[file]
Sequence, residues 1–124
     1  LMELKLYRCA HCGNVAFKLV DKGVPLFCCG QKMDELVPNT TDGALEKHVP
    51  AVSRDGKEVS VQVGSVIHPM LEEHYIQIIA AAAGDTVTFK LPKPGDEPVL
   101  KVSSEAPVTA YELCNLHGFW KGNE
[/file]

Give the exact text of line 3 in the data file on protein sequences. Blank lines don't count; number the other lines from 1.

    51  AVSRDGKEVS VQVGSVIHPM LEEHYIQIIA AAAGDTVTFK LPKPGDEPVL